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PTH-095 Are IBD Patients Either CRP Producers or Non-Producers? a Longitudinal Study
  1. STR Powles1,
  2. A Varey1,
  3. T Orchard1,
  4. J Tyrrell-Price1
  1. 1Gastroenterology, Imperial College Healthcare NHS Trust, London, UK

Abstract

Introduction C-reactive protein (CRP) is an established marker of disease activity in inflammatory bowel disease (IBD). However not all flares in IBD are associated with an elevated CRP. This raises the possibility that some patients are not CRP producers1,2,3. In this retrospective observational study, we have assessed if patients consistently produce a low or high CRP level in response to a flare in IBD.

Methods 31 patients were identified, over a 5 year period across 3 centres, with endoscopic mucosal assessments of two consecutive exacerbations of IBD which were at least 3 months apart. Patients were included if they had a CRP measurement within 7 days of each endoscopic examination (colonoscopy or flexible-sigmoidoscopy), and if they had active inflammatory colitis confirmed on mucosal biopsy. A CRP non-producer was defined as a CRP level of less than 10mg/L as according to the laboratory reference range used in the centres.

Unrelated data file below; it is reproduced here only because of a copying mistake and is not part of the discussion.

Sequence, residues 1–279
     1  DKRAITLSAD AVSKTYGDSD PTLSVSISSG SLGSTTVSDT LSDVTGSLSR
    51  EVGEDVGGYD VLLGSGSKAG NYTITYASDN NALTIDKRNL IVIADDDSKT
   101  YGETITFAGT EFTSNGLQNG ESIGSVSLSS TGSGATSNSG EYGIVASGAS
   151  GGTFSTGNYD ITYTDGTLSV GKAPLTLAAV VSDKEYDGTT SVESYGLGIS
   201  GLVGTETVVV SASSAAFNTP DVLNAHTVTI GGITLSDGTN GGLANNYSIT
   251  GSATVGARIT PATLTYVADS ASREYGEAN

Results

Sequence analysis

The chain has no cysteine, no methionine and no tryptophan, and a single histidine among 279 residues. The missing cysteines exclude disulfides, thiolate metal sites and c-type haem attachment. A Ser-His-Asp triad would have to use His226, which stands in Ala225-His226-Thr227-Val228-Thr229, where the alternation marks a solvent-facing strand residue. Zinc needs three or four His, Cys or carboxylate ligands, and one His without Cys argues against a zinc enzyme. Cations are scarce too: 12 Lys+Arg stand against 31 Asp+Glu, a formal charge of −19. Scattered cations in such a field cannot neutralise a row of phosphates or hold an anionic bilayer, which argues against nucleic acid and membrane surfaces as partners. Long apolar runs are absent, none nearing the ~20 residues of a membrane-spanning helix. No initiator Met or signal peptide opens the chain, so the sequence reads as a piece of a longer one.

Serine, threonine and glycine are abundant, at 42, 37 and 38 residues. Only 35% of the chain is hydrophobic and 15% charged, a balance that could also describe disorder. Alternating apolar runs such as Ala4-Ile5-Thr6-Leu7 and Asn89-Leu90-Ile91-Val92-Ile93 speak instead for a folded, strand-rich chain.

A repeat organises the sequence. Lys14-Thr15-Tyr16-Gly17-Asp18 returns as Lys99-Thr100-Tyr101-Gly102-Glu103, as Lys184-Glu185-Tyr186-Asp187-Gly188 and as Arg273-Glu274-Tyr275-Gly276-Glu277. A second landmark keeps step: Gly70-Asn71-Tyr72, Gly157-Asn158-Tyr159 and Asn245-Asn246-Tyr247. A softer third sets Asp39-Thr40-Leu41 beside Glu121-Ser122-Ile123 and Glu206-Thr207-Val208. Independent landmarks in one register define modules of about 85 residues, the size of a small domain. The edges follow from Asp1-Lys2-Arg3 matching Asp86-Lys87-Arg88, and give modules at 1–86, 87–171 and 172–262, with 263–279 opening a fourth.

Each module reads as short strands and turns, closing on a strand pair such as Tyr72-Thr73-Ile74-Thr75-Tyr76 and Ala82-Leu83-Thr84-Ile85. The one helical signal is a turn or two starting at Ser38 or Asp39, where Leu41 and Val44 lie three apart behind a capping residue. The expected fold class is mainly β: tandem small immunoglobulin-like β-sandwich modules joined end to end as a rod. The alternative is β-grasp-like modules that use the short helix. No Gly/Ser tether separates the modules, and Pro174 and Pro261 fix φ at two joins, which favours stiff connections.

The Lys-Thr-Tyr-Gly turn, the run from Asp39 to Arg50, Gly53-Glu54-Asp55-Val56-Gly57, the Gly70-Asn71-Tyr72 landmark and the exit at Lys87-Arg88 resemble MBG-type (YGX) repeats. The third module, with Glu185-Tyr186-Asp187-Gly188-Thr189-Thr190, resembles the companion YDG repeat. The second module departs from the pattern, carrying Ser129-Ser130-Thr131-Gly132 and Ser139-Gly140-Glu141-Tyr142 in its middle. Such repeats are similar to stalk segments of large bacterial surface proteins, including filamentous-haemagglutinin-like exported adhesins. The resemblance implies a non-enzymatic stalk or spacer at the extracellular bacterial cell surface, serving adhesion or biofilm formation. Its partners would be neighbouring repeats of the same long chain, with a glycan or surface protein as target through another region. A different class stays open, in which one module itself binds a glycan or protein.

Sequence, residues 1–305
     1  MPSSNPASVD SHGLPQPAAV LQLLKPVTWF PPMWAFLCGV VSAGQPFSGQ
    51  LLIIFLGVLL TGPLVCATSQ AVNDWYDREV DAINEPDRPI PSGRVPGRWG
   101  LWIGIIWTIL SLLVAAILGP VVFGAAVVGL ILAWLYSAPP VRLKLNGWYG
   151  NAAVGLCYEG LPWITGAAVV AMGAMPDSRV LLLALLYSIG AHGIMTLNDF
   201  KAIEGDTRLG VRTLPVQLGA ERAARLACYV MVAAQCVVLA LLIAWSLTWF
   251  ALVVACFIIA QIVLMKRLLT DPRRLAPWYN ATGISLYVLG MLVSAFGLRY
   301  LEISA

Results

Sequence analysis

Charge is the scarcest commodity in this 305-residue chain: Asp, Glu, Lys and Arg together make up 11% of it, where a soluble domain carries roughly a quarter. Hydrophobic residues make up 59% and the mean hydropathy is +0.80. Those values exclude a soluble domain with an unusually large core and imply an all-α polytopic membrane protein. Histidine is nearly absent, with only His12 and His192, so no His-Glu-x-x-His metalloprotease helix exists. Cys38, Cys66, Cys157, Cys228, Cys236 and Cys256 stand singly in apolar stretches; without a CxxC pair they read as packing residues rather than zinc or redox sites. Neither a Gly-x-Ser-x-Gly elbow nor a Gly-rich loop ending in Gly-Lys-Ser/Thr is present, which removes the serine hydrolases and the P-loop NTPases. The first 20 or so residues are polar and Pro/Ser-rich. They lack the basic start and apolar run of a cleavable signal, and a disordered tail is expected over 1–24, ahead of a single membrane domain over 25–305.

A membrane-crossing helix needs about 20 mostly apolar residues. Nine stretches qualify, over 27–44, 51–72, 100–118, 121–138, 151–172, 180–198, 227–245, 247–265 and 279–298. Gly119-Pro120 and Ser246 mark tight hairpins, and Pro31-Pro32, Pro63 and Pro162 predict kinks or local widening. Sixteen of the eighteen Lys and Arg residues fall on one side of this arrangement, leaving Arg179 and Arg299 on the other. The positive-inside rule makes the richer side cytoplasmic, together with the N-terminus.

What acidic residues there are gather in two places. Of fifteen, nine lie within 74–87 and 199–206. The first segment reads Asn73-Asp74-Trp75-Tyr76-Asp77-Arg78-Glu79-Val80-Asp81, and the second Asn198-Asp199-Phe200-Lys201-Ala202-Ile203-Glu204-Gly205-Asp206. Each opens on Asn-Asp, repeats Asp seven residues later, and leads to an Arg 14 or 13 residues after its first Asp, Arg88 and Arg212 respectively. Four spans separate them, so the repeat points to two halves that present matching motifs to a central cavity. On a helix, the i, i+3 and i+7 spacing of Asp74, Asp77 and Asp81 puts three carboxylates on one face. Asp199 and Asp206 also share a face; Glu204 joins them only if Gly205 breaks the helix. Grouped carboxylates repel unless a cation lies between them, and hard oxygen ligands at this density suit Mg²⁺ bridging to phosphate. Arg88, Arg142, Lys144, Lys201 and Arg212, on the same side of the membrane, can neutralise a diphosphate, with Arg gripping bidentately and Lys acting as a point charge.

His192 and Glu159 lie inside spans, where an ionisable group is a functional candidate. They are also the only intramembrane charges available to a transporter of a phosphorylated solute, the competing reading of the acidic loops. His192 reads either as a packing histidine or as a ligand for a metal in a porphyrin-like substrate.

Results In the cohort of 31 patients, 19 had biopsy proven UC, 3 had Crohn’s disease, 6 were unclassified, and 3 had differing classifications of Crohn’s disease and UC on successive endoscopies. There was an overall mean period of 11.3 months between successive endoscopies. 17 patients were CRP non-producers and 9 were CRP producers during successive IBD flares. The table below shows the disease classification in different CRP response groups.

Abstract PTH-095 Table 1

Disease extent was defined in both flares in 97% of patients. In the CRP non-producer group, 10 out of 17 (59%) patients had left sided disease or proctitis compared to 4 out of 8 (50%) in the CRP producer group. This difference in proportion did not reach statistical significance as assessed by Fisher’s exact test. Three of the five patients with a variable CRP response had more extensive disease at the time of the higher CRP level.

Conclusion Most patients (84%) in this study had a consistent CRP response; but this was not universal. Disease extent appears to contribute to CRP, but patient specific factors also appear to play a role.

Disclosure of Interest None Declared.

References

  1. Gut. 2008 Nov; 57(11):1518–23. Epub 2008 Jun 19. C-reactive protein: a predictive factor and marker of inflammation in inflammatory bowel disease. Results from a prospective population-based study. Henriksen M, et al. IBSEN Study Group

  2. Inflamm Bowel Dis. 2005 Aug; 11(8):707–12..Correlation of C-reactive protein with clinical, endoscopic, histologic, and radiographic activity in inflammatory bowel disease. Solem CA, et al.

  3. Inflamm Bowel Dis. 2004 Sep; 10(5):661–5.C-reactive protein as a marker for inflammatory bowel disease. Vermeire S, et al.

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